What is Robo-advice?

Robo-advice is a term used in US and online for algorithm based portfolio management systems but evolving into many more useful digital wealth management systems in a market worth approximately €452bn across the EU.

Why now? What are the Market Drivers?

The market is growing because a large amount of investment products are bought without advice - regulators restrict advice through authorised and qualified advisors but 39 new digital businesses are working with FCA Innovate Hub to deliver Robo-advice. 

The concept is coming of age in the digital generation who are coming into wealth. Also, the older generations are interested in alternative wealth management tools as traditional active management funds have not met customer performance expectations, despite high fees.

The FCA is helping with a positive regulatory framework and a collaborative ‘sandbox’ approach. 

So what is Robo-advice in plain(ish) language?

It is smartphone and Pad technology which provides a capability which is not usually available to individuals and which provides a degree of automation in investment profiling and risk management.

Advocates say that one day Robo-advice will address any form of advice given online and will take over from human financial advisors like digital replaced film in photography.

The key customer benefit is in saving time and getting advice when you want it.

However, Robo-advice currently focusses on customisation of the near-realtime investment experience and is not therefore a real benefit for the client who wants only occasional wealth management interaction.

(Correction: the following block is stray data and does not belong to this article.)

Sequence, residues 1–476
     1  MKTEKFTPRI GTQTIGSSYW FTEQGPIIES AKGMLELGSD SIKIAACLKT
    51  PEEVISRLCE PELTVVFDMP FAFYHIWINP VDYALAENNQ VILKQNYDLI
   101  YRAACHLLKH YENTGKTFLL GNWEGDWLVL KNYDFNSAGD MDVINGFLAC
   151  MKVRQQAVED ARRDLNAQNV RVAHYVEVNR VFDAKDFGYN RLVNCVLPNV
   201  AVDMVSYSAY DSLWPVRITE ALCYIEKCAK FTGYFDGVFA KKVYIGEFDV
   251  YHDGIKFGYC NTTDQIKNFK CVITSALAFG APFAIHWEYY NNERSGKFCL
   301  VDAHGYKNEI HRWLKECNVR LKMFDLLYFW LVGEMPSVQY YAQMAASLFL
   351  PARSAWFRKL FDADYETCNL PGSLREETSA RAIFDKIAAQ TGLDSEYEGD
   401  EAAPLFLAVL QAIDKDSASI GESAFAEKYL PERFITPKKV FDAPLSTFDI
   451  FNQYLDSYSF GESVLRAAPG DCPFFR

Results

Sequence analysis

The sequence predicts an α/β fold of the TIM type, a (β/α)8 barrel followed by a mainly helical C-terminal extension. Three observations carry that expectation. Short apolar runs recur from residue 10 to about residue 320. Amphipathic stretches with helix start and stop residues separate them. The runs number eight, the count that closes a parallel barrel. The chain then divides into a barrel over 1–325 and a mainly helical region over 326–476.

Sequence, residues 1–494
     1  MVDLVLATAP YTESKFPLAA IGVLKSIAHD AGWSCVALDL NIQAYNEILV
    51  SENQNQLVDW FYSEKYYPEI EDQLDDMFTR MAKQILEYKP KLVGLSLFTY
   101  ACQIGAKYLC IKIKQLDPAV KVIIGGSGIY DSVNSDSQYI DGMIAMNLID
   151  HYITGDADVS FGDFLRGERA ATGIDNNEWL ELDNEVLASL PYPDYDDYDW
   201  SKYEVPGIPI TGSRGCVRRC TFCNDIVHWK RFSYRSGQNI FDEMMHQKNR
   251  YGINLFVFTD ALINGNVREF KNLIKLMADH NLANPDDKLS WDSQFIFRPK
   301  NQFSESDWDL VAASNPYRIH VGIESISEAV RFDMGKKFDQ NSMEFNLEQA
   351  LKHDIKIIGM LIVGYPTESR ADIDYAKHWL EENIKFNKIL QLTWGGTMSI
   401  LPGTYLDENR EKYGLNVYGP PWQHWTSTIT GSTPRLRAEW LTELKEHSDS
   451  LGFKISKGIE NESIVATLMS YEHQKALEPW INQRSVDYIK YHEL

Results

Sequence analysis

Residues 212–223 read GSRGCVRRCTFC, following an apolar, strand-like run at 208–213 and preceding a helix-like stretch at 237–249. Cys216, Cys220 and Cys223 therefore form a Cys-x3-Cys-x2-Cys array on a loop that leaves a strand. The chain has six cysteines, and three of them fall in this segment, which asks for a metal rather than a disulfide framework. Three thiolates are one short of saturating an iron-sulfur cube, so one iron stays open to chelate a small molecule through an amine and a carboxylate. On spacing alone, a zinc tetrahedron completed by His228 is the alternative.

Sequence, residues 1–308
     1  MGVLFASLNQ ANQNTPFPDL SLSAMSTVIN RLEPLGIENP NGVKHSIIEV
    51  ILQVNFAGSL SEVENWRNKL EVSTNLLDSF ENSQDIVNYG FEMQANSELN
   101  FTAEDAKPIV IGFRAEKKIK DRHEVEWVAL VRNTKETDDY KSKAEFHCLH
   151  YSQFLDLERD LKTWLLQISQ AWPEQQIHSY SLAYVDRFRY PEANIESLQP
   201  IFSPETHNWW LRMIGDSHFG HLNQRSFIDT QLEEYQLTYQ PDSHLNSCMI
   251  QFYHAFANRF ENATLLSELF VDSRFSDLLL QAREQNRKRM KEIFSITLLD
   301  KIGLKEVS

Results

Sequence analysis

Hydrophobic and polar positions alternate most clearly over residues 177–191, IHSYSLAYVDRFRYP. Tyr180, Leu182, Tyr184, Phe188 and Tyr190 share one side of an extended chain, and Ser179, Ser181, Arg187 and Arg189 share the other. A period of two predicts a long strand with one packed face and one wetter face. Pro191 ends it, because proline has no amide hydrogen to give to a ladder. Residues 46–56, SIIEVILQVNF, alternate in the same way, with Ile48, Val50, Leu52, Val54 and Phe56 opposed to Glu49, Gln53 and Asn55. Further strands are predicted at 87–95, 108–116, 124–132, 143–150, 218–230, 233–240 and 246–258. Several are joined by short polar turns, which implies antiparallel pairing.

Indeed, advice is not the predominant product but rather digital profiling and analysis which supports hybrid advice/suggestions and uses efficient interfaces as well as financial/payments technology to manage your money. 

From a consumer point of view there will be an issue about performance as consumer context varies. Robe-Advice needs to provide market behavioural models that are aligned with customer needs and benefits not just ‘flashy interfaces’. 

The risk to the Robo-advice developers is that most longer term value seekers don't seek the short term responses or systems for instantaneous tracking of their portfolio - basically they don’t need or want Robo-advice.

Therefore, the discretionary nature of using Robo advice puts significant risk on FinTech business models and development - ‘we’re all beta products’ - few discretionary digital products pass the test of time!

In the short-term - Robo-advice is likely to be restricted to investment platforms and in particular:

User friendly interfaces;

Personalisation of the money platform;

Risk attitude support.

These benefits will be achieved in the short-term with lots of Fintech 'beta' choices rather than delivering the challenging 'grail' for value matching clients with investment propositions or offering clients a reliable investment strategy.